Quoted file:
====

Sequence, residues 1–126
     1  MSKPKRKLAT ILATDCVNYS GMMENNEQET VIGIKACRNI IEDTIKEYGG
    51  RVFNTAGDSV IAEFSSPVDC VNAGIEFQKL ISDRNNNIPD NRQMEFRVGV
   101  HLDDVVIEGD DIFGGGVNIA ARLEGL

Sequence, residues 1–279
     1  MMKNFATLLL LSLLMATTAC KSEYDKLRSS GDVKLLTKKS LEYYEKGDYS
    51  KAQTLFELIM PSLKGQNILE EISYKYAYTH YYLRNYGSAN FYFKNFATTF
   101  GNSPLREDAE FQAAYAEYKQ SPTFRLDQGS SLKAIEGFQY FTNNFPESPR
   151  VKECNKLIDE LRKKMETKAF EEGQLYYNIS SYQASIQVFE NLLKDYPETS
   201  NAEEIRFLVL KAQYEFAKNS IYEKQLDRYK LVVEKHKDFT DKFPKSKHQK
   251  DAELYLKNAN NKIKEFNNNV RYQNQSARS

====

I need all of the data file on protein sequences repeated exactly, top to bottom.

Sequence, residues 1–126
     1  MSKPKRKLAT ILATDCVNYS GMMENNEQET VIGIKACRNI IEDTIKEYGG
    51  RVFNTAGDSV IAEFSSPVDC VNAGIEFQKL ISDRNNNIPD NRQMEFRVGV
   101  HLDDVVIEGD DIFGGGVNIA ARLEGL

Sequence, residues 1–279
     1  MMKNFATLLL LSLLMATTAC KSEYDKLRSS GDVKLLTKKS LEYYEKGDYS
    51  KAQTLFELIM PSLKGQNILE EISYKYAYTH YYLRNYGSAN FYFKNFATTF
   101  GNSPLREDAE FQAAYAEYKQ SPTFRLDQGS SLKAIEGFQY FTNNFPESPR
   151  VKECNKLIDE LRKKMETKAF EEGQLYYNIS SYQASIQVFE NLLKDYPETS
   201  NAEEIRFLVL KAQYEFAKNS IYEKQLDRYK LVVEKHKDFT DKFPKSKHQK
   251  DAELYLKNAN NKIKEFNNNV RYQNQSARS